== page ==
U.S. Department of State
MICHAEL R. POMPEO, SECRETARY OF STATE
JULY 15, 2020
HONG KONG EXCERPTS
QUESTION: All right, let’s get to some very serious stuff regarding China. Of course, we saw the President yesterday in the Rose Garden talking about our tougher approach. Why are we getting tough with China right now?
SECRETARY POMPEO: For now 40 years, Simon, the American people have been fed a bill of goods that if we simply engage with China, that they would leave us alone and behave in a way that was consistent with how other large nations behaved. That hasn’t happened. We thought they would open up politically. That was the theory of the foreign policy establishment. It didn’t happen. President Trump has recognized that now, the actions that General Secretary Xi, the leader of China’s Communist Party, is taking are really having an impact, whether that’s on Iowa farmers or manufacturers from the Southwest or citizens who are traveling to Hong Kong. The risk is increasing, and to our democratic allies in the region, the risk to them is increasing as well. And so President Trump has simply said we’re going to respond by the simple demand that they engage in trading relationships that are fair and reciprocal; that they – when they participate in international organizations around the world they’re going to do so in a way that is transparent and open, the way that democracies do; and that when they engage in behavior like they did around the virus that emanated from Wuhan, China, that’s now killed hundreds of thousands of people around the world and destroyed trillions of dollars in wealth and has got people that can’t go back to work, can’t go back to their churches – when that happens, we’re going to hold the Chinese Communist Party accountable for their errant behavior.
QUESTION: So the last time you and I spoke, I’m not sure if you’ll remember this, but it was right after you talked about the favored nation status – you took it away, literally the day you and I spoke. So he also went after Hong Kong yesterday because of the way the Chinese have been behaving.
SECRETARY POMPEO: So the Chinese Communist Party made a commitment to – both to the United Kingdom and to the people of Hong Kong, and indeed, to the world – this was an international treaty that said that there would be a separate system there in Hong Kong and that they would be guaranteed certain rights that weren’t available in other parts of China. Now the Chinese Communist Party has welched on that deal. They’ve declined to follow through on their promise. And so to the extent China treats the people of Hong Kong as it’s a single country, we’re going to do that too. The United States will no longer give preferential treatment to Hong Kong because, frankly, it’s just going to become another communist-run city and there’s no reason to live with the fiction of all the things that we have done alongside Hong Kong because they were a place with more rule of law, more democracy, more freedom. We’d given them a certain set of benefits that were different from the remaining people inside of China. That’s no longer true, so we’ll no longer treat them any differently than we do other people inside of China.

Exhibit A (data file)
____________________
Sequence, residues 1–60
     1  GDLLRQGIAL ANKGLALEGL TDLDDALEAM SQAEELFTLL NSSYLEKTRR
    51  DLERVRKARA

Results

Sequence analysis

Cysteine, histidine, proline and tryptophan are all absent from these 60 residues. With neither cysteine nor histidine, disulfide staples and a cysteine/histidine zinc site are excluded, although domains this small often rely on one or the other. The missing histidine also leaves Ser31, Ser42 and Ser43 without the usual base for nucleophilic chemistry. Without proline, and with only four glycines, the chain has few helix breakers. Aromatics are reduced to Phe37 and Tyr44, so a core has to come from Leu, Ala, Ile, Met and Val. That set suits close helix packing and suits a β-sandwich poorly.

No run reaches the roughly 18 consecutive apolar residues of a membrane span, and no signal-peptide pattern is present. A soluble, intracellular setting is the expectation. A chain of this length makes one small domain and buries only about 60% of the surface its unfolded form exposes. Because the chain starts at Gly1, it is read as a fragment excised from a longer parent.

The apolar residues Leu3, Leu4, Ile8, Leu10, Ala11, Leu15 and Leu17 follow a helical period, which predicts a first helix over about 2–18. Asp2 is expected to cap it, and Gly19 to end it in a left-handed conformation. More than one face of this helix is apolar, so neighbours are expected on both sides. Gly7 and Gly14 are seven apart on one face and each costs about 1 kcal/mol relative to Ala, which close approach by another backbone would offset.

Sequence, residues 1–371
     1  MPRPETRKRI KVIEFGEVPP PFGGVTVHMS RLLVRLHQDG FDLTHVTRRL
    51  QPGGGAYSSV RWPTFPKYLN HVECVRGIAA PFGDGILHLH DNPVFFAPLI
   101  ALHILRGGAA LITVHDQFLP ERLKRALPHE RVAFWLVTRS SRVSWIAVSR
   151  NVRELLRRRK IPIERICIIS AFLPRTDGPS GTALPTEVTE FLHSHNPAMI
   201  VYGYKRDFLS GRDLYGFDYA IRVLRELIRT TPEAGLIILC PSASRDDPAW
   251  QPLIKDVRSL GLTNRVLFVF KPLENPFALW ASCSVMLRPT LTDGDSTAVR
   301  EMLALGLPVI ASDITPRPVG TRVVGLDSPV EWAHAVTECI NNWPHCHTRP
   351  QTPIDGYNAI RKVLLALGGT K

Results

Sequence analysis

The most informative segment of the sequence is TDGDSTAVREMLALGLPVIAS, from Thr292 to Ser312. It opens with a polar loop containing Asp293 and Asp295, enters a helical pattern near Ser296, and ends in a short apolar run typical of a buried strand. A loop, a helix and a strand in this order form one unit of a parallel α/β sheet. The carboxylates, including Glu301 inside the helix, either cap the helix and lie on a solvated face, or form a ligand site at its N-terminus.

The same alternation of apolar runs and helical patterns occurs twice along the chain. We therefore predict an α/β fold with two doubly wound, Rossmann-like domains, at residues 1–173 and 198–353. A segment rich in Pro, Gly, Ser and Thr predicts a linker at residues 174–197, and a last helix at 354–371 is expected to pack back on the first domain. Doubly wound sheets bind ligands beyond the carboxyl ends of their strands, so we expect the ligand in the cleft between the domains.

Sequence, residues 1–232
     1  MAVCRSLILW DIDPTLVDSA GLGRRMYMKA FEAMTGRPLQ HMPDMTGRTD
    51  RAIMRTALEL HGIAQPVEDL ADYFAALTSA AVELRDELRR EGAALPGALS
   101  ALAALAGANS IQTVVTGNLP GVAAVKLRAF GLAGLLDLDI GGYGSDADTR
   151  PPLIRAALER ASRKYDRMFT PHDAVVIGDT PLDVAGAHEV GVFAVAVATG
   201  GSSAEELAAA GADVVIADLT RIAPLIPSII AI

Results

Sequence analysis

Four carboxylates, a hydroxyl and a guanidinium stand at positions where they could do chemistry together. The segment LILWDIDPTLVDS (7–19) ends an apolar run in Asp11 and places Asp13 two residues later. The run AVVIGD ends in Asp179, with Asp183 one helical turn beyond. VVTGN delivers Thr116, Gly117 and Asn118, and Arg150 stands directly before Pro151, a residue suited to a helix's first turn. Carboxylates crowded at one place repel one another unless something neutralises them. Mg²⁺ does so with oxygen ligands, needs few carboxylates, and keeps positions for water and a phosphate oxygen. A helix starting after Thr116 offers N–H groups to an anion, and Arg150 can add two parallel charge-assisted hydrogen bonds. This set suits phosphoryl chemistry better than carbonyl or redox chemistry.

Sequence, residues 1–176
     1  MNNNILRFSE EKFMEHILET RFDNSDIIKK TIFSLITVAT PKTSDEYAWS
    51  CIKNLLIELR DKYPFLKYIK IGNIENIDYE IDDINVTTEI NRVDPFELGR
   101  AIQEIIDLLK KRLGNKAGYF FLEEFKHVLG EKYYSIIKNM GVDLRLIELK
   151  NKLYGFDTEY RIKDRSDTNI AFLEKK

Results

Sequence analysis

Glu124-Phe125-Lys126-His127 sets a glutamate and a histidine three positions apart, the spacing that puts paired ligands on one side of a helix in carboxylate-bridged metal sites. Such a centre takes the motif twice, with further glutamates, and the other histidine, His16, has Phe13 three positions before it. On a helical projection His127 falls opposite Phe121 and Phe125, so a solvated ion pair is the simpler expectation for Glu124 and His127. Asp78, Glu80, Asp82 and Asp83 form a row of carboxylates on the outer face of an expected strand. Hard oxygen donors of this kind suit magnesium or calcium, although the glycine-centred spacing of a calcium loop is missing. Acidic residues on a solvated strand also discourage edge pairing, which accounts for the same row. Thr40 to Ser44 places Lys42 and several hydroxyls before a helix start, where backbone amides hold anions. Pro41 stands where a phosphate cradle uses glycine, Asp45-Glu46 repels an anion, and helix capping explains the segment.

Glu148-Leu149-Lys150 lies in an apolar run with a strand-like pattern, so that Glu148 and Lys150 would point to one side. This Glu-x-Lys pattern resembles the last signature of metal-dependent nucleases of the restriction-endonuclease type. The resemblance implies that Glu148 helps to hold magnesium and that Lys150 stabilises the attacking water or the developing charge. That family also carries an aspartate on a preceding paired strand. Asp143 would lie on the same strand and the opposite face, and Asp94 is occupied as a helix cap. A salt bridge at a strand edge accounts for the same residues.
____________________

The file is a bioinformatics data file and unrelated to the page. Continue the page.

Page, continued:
QUESTION: Because they were supposed to have – Hong Kong was supposed to have autonomy. It clearly —
SECRETARY POMPEO: Yes, 50 years, roughly. Yes.
QUESTION: Yeah. Clearly doesn’t do that anymore. They don’t do it. So it makes sense that we don’t treat them differently, right?
SECRETARY POMPEO: That’s pretty straightforward. I think – I think everyone can understand that if it’s one country in the eyes of China, it ought to be one country in the eyes of the world and of the United States.